Then you have 10CC’s oft-misinterpreted ‘Dreadlock Holiday’, Rory Bremner’s ‘N-n-n-n Nineteen Not Out’ ('An unlistenable crime against music… a cricketing parody of Paul Hardcastle’s scarcely-less-terrible "Nineteen"' according to The Guardian’s Andy Bull) and Roy Harper’s lovely ‘When an Old Cricketer Leaves the Crease’, so beloved by John Peel that it was played on air after his death at his request. It’s worth mentioning too, some of the personal anecdotes that musicians like to recall about the game: from the somewhat inauspicious (Harry Judd from McFly, Johnny Borrell of Razorlight, David Essex) to the iconic (George Harrison, Clapton, Elton John, Rolling Stones Charlie Watts and Mick Jagger), BBC Radio 4’s Test Match Special has heard some fascinating first-hand stories over recent years. Former England bowler Mike Selvey once recalled to me the time that Clapton and Harrison played in a pub in Worcester after going down to see Botham play, and the time he and his teammates were visited in the Lord’s dressing room by a young Elton John. He also talked about The Stranglers’ Hugh Cornwell, who in 1990 was watching a Test between India and England and saw England fast bowler and hapless batsman Devon Malcolm break free from the shackles of being tied down by India’s bowlers with an agricultural heave into the stands for six; he would later cite this moment of release as his inspiration for leaving The Stranglers and embarking on the next stage of his career, going it alone outside of the familiar confines of the band.
I have no evidence, anecdotal or otherwise, to confirm this, but I also recall reading that ELO’s Jeff Lynne is something of a cricket tragic. This neatly brings us full circle, for Sticky Wickets sees the duo further indulge in their love of Birmingham’s greatest ever band (and I say this as someone who was brought up by Ocean Colour Scene loving parents). The Light Orchestral influences were heavily evident on their eponymous début, but had anyone told you this was a bonus disc of outtakes from Out of the Blue then only the lyrics would betray them. A rocking, anachronistic Seventies pop rock riff leads the way on opener ‘Sticky Wickets’ as Walsh proffers advice for openers batting on era-appropriate uncovered pitches – “Don’t get caught trying to hit the big shot... it’s no good playing on the back foot.” Elsewhere there are almost direct ELO correlations. ‘Third Man’ sounds like ‘Telephone Line’ from melody through to brilliant vocoder breakdown; ‘It’s Just Not Cricket’ is the album’s ‘Diary of Horace Wimp’. It’s a sound so perfect that the duo only really veer away from it once, as ‘Line and Length’ sounds closer to LCD Soundsystem’s ‘Us and Them’.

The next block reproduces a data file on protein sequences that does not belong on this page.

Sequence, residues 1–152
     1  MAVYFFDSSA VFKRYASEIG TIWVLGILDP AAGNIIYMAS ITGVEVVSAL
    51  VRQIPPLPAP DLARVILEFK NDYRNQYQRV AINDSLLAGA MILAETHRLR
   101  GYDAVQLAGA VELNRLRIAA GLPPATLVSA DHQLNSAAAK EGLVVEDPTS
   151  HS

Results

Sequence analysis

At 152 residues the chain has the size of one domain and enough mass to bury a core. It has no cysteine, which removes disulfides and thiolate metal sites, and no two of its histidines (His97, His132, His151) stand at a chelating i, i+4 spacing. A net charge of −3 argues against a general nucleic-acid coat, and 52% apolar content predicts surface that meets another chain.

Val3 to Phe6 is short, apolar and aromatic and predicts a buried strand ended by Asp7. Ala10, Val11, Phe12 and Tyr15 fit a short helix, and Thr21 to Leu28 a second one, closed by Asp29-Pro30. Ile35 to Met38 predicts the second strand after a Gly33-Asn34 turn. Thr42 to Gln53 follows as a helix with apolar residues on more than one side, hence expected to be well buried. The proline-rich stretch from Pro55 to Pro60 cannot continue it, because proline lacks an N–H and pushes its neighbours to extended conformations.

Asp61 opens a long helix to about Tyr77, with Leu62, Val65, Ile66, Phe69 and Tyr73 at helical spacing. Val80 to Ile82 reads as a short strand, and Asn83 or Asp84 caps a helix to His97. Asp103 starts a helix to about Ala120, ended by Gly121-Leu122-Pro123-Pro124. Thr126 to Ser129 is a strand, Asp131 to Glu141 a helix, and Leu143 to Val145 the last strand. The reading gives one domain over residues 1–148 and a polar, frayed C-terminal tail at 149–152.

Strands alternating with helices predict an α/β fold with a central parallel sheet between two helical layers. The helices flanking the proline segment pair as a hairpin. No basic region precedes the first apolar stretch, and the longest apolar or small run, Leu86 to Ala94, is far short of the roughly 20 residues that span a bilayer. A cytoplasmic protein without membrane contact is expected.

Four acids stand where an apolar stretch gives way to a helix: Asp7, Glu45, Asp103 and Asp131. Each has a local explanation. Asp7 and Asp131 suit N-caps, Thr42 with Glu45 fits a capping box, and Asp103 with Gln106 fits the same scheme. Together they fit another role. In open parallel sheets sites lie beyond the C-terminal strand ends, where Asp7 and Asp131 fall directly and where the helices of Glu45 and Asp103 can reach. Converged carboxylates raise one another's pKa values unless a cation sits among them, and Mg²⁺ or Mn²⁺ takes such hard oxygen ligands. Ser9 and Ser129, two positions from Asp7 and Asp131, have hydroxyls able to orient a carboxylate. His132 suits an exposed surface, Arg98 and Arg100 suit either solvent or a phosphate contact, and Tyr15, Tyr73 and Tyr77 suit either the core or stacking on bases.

Sticky Wickets is certainly more Village Green Preservation Society than Fire in Babylon in tone. The only point where Twenty20-esque glamour is touched upon is ‘Boom Boom Afridi’, with David 'Bumble' Lloyd helping out on vocal duties in tribute to the hard-hitting Pakistani all-rounder. For the rest of the album though it’s outdated playing conditions on the title track, the sad existential musings of ‘The Umpire’ (“We’re only here to be sneered at, just a relic of yesteryear/There was a time when we were held high, but it’s not how it used to be/They only let us stick around so they’ve someone to kick around”) or the hapless fielder being put out to pasture at third man on, er, ‘Third Man’ (featuring a reading from
Harry Potter Daniel Radcliffe). There’s Python-esque joviality on ‘The Laughing Cavaliers’, which features Hannon’s local Taverners team, but it’s really a reminder of the sort of level the Cricket Tragic can aspire to, rather than thinking Viv Richards is just like us.
'Cricket Tragic' is the key here. Cricket and rock music have a long history, and at points it all gets a bit glamorous. Sticky Wickets isn’t concerned with those though: it takes the thinga that makes the loner, the geek, the loser, the tragic feel all warm and fuzzy, and then makes that sound like ELO. And nothing this year has made me feel happier than that. FoW.
8Dan Lucas's Score